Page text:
But economy still seen as among fastest-growing in Asia
WASHINGTON-BASED World Bank has cut its growth projections for the Philippine economy for this year and the next, taking into account the impact of natural disasters, slow government spending and the tightening of the financial environment in the country.
In its Philippine Economic Update released on Thursday, the World Bank said its growth projections for the country were revised downward to 6.4 percent from 6.6 percent for 2014 and to 6.7 percent from 6.9 percent for 2015.
The lender’s latest estimates fell below the government’s growth targets of between 6.5 percent and 7.5 percent for 2014 and between 7 percent and 8 percent for 2015.
The revision reflects the slow start of the economy in the first quarter of 2014 given the effects of Supertyphoon Yolanda, lower government spending in the second quarter, and monetary policy tightening in the first seven months of the year, the Bank said.
Among the fastest
Despite the slight downgrade, growth for 2014 is still projected to be one of the fastest among the major economies in the East Asia region, second only to China, which is projected to grow by 7.6 percent, and significantly higher than the regional average of 5 percent, excluding China, it said.
In a press briefing, World Bank Senior Country Economist for the Philippines Karl Kendrick Chua said the growth projections will depend on the ability of the government to fully and rapidly implement planned spending for typhoon reconstruction and other expenditure programs, in particular infrastructure.
“In the last four years, the government has doubled spending on social services and has provided more money for developing the country’s infrastructure. Sustaining these efforts will close the remaining gaps brought about by decades of lagging public investment,” he said.
Gaps in spending, fiscal management
Explaining where the gaps are, Chua noted that the country’s spending on roads, bridges, ports, airports, as well as machines and equipment has generally been declining since the 1970s, and is now well below that of its peers.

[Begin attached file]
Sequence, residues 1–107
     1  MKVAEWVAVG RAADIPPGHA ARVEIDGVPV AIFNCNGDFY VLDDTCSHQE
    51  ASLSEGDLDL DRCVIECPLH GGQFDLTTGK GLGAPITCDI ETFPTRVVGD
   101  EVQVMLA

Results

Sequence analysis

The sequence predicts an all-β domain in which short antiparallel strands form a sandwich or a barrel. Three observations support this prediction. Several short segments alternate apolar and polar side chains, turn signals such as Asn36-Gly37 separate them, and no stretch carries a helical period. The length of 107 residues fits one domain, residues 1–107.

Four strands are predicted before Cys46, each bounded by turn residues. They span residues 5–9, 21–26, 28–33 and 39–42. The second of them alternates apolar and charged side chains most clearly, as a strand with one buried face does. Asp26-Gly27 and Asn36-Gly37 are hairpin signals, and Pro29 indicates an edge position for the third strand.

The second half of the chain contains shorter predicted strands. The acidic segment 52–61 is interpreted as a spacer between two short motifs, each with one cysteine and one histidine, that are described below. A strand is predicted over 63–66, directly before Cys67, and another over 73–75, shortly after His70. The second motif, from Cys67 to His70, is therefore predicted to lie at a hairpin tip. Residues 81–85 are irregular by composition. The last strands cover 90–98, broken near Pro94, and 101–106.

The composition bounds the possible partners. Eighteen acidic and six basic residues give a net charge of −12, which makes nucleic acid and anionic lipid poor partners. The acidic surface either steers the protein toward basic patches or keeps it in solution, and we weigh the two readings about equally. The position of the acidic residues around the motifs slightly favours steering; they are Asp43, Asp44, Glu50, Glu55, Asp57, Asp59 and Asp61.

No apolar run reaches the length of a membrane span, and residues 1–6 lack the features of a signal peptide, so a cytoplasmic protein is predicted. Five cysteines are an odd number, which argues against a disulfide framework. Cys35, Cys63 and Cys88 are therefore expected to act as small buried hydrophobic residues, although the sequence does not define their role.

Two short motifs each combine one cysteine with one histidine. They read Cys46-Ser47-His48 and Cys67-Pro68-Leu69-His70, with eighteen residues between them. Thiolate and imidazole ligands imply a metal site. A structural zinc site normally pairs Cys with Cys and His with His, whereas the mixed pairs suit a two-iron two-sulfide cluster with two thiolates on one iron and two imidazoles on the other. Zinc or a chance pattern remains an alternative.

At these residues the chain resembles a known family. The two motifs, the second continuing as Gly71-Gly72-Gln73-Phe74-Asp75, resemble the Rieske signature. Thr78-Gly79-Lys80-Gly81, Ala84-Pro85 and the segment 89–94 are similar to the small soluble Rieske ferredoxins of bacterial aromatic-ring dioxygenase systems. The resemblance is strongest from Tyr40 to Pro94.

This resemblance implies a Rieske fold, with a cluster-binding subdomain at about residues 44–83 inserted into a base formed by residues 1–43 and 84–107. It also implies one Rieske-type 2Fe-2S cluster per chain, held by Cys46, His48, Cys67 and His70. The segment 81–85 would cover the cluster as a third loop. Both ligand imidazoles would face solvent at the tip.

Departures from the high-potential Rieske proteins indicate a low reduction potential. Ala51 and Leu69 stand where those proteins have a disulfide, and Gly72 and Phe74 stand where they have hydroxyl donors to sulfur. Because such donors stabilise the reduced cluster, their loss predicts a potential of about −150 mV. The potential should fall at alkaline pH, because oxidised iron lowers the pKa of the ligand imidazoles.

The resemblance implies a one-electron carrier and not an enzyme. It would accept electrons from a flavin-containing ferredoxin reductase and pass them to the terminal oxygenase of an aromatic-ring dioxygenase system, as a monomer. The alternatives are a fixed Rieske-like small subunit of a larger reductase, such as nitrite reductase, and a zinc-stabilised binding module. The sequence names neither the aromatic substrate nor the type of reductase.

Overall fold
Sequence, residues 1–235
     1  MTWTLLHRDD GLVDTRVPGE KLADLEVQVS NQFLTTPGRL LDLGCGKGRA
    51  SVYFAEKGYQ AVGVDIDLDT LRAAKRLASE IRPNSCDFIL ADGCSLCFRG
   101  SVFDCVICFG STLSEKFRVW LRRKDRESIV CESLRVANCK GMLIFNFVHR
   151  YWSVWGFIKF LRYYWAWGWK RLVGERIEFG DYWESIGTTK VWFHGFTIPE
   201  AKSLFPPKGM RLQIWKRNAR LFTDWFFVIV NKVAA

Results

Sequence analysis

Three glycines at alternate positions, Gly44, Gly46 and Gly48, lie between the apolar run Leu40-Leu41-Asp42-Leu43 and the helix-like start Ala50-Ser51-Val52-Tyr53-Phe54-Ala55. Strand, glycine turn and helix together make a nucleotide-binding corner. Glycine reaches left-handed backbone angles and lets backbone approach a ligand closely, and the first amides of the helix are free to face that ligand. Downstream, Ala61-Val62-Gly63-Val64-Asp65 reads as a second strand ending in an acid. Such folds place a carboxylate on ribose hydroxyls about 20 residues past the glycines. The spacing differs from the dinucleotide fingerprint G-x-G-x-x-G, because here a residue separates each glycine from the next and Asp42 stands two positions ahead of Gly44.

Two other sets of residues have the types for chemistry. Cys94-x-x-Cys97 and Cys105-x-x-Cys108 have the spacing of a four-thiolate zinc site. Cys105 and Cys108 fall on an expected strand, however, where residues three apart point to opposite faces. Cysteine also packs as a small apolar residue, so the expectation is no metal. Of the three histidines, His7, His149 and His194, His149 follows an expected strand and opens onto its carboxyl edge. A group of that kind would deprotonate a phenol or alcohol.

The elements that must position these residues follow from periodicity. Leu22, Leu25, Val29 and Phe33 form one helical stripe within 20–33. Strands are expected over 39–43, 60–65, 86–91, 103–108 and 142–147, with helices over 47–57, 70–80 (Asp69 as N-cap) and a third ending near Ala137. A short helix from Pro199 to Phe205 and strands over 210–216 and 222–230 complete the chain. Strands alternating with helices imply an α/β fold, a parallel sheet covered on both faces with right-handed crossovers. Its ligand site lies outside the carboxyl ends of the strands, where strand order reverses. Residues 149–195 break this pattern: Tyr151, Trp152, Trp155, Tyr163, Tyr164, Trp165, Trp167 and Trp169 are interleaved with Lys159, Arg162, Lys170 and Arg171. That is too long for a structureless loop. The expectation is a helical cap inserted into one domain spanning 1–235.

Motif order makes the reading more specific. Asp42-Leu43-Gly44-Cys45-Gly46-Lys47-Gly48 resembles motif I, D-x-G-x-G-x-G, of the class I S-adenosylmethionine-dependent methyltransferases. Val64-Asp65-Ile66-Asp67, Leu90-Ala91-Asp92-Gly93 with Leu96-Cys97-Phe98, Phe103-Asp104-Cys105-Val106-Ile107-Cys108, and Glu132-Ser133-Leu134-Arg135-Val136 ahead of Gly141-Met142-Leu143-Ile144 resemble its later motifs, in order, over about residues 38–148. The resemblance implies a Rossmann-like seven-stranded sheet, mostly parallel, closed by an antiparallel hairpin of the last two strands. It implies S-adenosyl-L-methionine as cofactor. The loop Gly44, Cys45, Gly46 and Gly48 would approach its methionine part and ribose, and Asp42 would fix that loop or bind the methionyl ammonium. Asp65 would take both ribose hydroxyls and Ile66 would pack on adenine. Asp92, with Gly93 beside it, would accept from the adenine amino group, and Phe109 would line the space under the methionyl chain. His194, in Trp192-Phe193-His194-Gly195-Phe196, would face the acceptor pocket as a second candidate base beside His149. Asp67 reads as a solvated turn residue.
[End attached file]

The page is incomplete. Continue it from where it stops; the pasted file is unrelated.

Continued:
He also mentioned that the Philippines spends 30 percent to 50 percent less on infrastructure, health and education compared with its fast-growing neighbors.
“The key risks are domestic reform lags, in particular reforms to raise the tax revenues needed to sustainably increase infrastructure and social services spending,” Chua added.
According to Chua, financing the increase in investments will need to come from a combination of tax policy and administration reforms to make the tax system simpler, more efficient, and more equitable.
In particular, the tax burden and cost of compliance for small businesses need to be reduced in the interest of job creation, he said.
“The government has successfully raised tax revenue equivalent to 1.2 percent of GDP (gross domestic product) in the last three years through the sin tax reform, improved tax administration, and higher growth. Accelerating the current reform momentum would help the country yield additional tax revenues to further expand growth that can benefit more poor Filipinos,” said Chua.
In addition, the World Bank said accelerating key reforms to secure access to land, promote competition, and simplify business regulations will also help create more and better jobs and bring more people out of poverty.
External risks recognized
It said a number of external factors also pose risks to growth. External risks come from monetary tightening in high-income countries, a potential hard landing for China’s economic rebalancing, political tensions in the Middle East and Eastern Europe, and territorial disputes in the region.
“Moving forward, the challenge facing the Philippines is how to transform strong growth and macroeconomic stability into more inclusive growth—the type that creates more and better jobs and reduces poverty,” Chua said. MAYVELIN U. CARABALLO